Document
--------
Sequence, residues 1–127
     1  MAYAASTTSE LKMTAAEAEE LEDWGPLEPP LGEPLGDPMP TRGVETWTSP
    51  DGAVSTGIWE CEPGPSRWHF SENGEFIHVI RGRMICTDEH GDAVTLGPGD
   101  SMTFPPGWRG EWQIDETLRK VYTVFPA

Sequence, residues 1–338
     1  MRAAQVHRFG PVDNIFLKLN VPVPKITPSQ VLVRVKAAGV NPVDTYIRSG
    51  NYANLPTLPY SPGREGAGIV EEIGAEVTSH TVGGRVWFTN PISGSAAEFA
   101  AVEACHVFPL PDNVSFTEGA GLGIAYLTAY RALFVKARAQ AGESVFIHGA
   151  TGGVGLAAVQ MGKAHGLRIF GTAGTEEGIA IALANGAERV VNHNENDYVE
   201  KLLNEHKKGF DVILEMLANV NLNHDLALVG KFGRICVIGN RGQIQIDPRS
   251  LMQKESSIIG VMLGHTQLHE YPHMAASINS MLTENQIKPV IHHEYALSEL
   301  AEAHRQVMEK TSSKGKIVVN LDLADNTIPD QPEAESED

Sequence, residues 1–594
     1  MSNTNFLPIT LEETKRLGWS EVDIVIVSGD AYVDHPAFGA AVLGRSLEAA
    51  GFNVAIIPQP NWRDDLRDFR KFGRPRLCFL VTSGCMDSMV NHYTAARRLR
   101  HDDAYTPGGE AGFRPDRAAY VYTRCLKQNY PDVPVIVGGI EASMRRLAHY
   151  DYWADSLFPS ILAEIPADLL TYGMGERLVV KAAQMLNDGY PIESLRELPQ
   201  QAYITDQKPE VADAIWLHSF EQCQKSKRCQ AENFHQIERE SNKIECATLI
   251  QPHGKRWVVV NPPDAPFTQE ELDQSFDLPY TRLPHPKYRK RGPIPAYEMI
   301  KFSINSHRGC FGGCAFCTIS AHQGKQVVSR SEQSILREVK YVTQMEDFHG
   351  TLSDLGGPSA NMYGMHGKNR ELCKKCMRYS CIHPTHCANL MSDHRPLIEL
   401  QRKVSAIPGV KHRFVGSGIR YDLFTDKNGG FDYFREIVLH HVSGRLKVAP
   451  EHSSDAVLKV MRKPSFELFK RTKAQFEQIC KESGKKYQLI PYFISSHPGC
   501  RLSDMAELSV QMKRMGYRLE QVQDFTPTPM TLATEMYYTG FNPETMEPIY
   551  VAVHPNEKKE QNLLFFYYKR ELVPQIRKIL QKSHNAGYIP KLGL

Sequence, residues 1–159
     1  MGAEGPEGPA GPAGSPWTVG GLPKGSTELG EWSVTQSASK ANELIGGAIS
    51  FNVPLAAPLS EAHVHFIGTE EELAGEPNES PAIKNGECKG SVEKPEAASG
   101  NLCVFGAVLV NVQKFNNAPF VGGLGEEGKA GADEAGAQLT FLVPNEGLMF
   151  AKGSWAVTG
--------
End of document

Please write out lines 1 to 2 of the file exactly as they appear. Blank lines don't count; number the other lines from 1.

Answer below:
Sequence, residues 1–127
     1  MAYAASTTSE LKMTAAEAEE LEDWGPLEPP LGEPLGDPMP TRGVETWTSP